5 Former Patriots the Fans Don't Miss
The 21st century dynasty of the New England Patriots has seen way more highs than lows. Five Super Bowl appearances, dozens of records and legendary players have made this team one of the most feared teams in all of sports during the 2000s.
But everybody knows that Tom Brady is a good player. Everybody knows that Bill Belichick is one of the greatest coaches of all time. What some people tend to forget are the players that nearly halted the dynasty and held the Patriots back.
This list looks at five recent players who did not do the Pats justice during their tenure. These five players in particular did not produce in New England, leaving fans happy to see their absence.
And while Pats fans should be joyful for all of their team's success, they should be equally happy that these five players no longer represent the franchise.
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Laurence Maroney was drafted with the 21st overall pick in the 2006 NFL draft. He was supposed to create a two-headed rushing beast with Corey Dillon, but as fans know, things didn't work out.
Maroney had one true moment of brilliance, coming against the Bengals as a rookie. During that game, he took 15 carries and turned it into 125 yards and two touchdowns. Unfortunately, all he did was create false hope and expectations.
He was traded to Denver during the 2010 season, ending an under-whelming marriage. Maroney finished with 2,430 rushing yards and 21 rushing touchdowns in his Patriots career. He was later arrested as a member of the Broncos, assuring New England that trading him was the right decision.
Maroney was just too inconsistent to be the featured running back for New England. In fact, the recent running back-by-committee system has been far more effective.
Chad "Ochocinco" Johnson
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Chad "Ochocinco" Johnson was a six-time Pro Bowler during his tenure as a Bengal. He was very obnoxious but very, very productive in the orange and black.
When the Patriots were able to acquire Johnson at a low price prior to the 2011 season, fans were anxious to see how good he could be with a Hall of Fame quarterback in Tom Brady.
Well, they were completely fooled, as Johnson did absolutely nothing in a Pats uniform. In fact, Mike Vrabel was a better pass-catcher than Johnson was in New England.
Johnson caught 15 passes for 276 yards and one touchdown. He was completely under-whelming on the field but mature off it and did nothing to make the Patriots look bad in the media.
Well, apparently, Johnson did not mature and did not learn a thing from the discipline taught up north.
He was already causing trouble with coach Joe Philbin in Miami before his arrest, which got him cut from the Dolphins. Johnson had a lot of potential to do great things with a great quarterback, but No. 85 let his talent go to waste.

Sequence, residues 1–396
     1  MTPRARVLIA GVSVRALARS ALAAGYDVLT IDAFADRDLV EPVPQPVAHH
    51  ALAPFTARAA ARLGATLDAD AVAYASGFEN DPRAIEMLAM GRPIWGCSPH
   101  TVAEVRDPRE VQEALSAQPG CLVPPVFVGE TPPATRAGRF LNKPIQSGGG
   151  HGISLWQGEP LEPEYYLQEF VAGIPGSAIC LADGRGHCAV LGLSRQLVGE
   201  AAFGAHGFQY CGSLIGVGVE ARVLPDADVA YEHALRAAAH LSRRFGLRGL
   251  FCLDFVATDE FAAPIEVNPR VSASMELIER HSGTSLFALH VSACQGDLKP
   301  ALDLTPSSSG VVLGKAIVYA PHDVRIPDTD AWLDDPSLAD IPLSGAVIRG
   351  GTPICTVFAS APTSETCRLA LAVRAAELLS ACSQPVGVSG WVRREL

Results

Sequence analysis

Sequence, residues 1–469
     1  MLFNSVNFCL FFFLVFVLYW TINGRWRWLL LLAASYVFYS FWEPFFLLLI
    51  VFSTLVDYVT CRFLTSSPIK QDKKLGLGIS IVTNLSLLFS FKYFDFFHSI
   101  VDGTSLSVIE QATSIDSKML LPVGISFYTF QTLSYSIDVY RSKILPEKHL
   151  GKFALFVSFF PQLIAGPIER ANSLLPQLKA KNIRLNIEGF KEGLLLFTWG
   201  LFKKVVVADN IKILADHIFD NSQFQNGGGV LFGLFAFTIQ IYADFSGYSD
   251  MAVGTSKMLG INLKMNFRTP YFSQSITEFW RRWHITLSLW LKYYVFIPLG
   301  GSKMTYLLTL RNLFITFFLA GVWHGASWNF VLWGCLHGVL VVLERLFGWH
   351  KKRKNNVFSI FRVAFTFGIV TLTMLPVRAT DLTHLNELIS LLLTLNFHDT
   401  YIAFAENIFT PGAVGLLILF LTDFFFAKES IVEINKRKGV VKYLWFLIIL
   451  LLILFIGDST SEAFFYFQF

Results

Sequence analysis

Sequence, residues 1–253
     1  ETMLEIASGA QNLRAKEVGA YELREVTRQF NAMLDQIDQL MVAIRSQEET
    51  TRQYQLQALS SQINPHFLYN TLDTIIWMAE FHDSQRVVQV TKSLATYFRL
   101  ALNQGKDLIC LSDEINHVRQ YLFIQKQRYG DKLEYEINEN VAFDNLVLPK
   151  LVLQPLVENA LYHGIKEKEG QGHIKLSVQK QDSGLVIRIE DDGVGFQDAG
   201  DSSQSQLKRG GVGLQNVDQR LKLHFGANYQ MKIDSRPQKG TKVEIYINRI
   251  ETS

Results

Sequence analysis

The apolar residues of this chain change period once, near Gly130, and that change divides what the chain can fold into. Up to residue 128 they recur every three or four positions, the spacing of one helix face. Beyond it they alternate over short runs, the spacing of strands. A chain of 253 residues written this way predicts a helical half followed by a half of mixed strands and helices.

Though the risk-reward factor made the trade reasonable, Johnson disappointed greatly in New England. And with his recent troubles, too many people cannot be missing him right now.
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It's not often that Bill Belichick and New England completely whiff on a high draft pick. Well, they were dead wrong on the player out of Florida.
The Patriots moved up 16 spots to draft Chad Jackson with the 36th pick of the 2006 NFL draft. As a rookie, Jackson caught 13 passes for 152 yards and three scores. In 2007, Jackson was active for four games and added one catch for 19 yards.
And that was his career as a Patriot.
Sure, injuries took their tole on Jackson's production in New England. But this near first-round draft pick was given up on after two seasons. If the Patriots can find starters that went undrafted, they could have done a lot better with their second-round choice.
Unfortunately, Jackson never rewarded New England for having faith in him. And I can't imagine too many fans that were heartbroken at Jackson's release.
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Terrence Wheatley was drafted with the 62nd pick in the 2008 NFL draft. The second-round pick did absolutely nothing to reward the Patriots for the faith they had in him.
He only played in 11 games, starting in one before New England got rid of him in 2010. He finished his Patriots career with four tackles and two passes deflected. Those stats resemble nothing of a second-round pick who was supposed to be a big player as a defensive back.
His lack of development may have held New England back for a little bit. They whiffed on Wheatley, and their pass defense has been less than stellar since.
He is one of the big misses for a team that normally nails the draft, proving it is the player, not the scouts, with the problem.
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If Colts fans love Reche Caldwell, what does that say about how Patriots fans feel about him?
Caldwell was only a Patriot for one year, in 2006, when he was brought in as a free agent. He had a decent regular season with over 60 receptions for over 700 yards. He had a good divisional-round playoff round against San Diego, catching seven passes for 80 yards and a score.
But the AFC Championship game left an image burned into the mind of any New England fan's brain—the look on Caldwell's face during the game.
Caldwell had two key drops in that AFC Championship game in which the Colts came back from an 18 point deficit to win 38-34 and advance to the Super Bowl. Caldwell looked like a deer in the headlights, with eyes that bugged out as if he knew the true significance of one of his two drops.
Why were Caldwell's eyes bugging out? The pass he dropped was a sure touchdown that would have most likely advanced New England back to the Super Bowl.
Though he was only a Patriot for one year, he came up empty when the Pats needed him the most.